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What do you do to make your company look bigger than it really is?


It’s your first serious job interview. You spend the week leading up to the big day polishing your shoes, buying a new shirt, ironing out the creases in your suit pants and arrive at least half an hour early. Put simply, you want to look your best.

We all know that first impressions count – it’s important to present the right image. It’s professionalism 101. So why do so many entrepreneurs lack this meticulous attention to detail?

Some of the best startup concepts fail to gain funding or traction from customers simply because the entrepreneur behind them doesn’t do enough to present the opportunity in the best light. As a result, the buyer, venture capitalist or distributor sitting across the table doesn’t warm to the idea and it falls over. I learnt this lesson the hard way.

You may be the smartest candidate for the position, with the most suitable experience, or be pitching the most brilliant idea, but if you turn up to an interview in shorts and a t-shirt, you’re definitely not going to get a proper hearing. It is an unfortunate reality that many entrepreneurs believe that their ideas alone will get them across the line.

Although I am not going to sit here and preach about how to run a business meeting, or how to pitch an idea, there are a few things that can make you, and your company, look like it has the capability to cope with a multimillion dollar customer, even if you are still operating out of your Dad’s back shed.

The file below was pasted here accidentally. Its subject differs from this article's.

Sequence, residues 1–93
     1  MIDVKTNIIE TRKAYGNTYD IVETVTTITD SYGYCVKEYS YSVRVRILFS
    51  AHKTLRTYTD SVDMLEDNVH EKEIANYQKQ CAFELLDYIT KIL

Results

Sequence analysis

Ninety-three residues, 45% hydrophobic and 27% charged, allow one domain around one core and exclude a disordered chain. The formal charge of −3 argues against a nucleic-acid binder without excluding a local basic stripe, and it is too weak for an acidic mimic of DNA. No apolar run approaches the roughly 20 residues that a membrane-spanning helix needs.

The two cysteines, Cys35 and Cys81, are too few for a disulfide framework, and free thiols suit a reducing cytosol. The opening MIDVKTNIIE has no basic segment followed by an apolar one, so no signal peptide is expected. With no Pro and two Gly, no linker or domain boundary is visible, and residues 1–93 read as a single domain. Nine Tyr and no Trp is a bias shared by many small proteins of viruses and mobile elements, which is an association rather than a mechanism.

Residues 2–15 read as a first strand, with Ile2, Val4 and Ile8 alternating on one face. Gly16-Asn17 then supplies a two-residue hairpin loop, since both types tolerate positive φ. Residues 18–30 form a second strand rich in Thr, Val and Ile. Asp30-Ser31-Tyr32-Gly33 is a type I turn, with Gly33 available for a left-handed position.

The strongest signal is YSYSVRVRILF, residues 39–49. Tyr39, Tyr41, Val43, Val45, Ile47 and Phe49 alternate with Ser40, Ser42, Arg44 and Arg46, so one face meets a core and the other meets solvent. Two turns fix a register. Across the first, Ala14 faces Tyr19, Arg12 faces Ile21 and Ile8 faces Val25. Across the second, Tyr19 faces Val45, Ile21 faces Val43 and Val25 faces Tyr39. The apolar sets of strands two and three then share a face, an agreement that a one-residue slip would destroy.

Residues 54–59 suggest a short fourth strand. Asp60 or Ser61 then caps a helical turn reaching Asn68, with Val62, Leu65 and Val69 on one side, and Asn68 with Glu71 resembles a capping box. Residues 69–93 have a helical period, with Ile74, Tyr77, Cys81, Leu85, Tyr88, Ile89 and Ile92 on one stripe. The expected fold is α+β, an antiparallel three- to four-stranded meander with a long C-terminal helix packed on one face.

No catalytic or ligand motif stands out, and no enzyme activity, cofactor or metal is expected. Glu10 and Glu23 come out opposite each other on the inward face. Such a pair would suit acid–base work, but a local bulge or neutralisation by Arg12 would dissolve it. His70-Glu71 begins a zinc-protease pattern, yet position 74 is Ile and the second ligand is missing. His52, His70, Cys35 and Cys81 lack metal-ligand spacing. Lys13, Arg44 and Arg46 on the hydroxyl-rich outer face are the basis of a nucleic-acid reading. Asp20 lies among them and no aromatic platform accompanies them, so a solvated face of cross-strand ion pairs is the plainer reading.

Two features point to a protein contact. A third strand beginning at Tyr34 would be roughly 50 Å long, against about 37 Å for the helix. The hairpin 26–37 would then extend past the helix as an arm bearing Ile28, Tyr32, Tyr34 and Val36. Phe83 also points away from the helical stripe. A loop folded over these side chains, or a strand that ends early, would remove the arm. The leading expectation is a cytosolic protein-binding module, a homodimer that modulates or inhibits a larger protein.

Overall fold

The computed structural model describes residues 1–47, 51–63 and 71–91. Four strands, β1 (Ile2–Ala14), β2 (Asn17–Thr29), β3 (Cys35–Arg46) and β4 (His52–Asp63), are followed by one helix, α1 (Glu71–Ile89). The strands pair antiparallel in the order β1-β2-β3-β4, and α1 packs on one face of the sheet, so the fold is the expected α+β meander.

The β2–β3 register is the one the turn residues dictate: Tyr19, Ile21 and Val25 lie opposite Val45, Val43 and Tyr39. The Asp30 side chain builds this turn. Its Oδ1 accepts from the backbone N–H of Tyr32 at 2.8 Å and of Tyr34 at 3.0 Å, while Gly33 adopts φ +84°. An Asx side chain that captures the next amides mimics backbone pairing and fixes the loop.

One of the most influential pieces of advice I read before we started Australis Foods was from Bill Rancic, the winner of the first season of The Apprentice in America. With his cigar startup, he would put people on hold and transfer them between departments, using different voices along the way to make the impression his company was bigger than it actually was. He was making himself look like multinational enterprise and it worked. Sales grew rapidly.

Thankfully, we live in an era where implementing simple things – such as business cards, establishing websites and organising virtual office space – has not only become easier but it is also cost-effective. This again seems like business 101, but it is overlooked far too often.

As much as we would all love to fully immerse ourselves in our newest idea immediately, we need to consider the impact on our company’s fortunes of not keeping our shoes polished.

So, what technologies or strategies do you use to make your company look bigger than it really is?

Neil Page is CEO of Australis Foods, one of Australia’s largest privately-owned industry-specific food manufacturers with operations in health food, wheat alternative and home baking products.

Photo: drewgstephens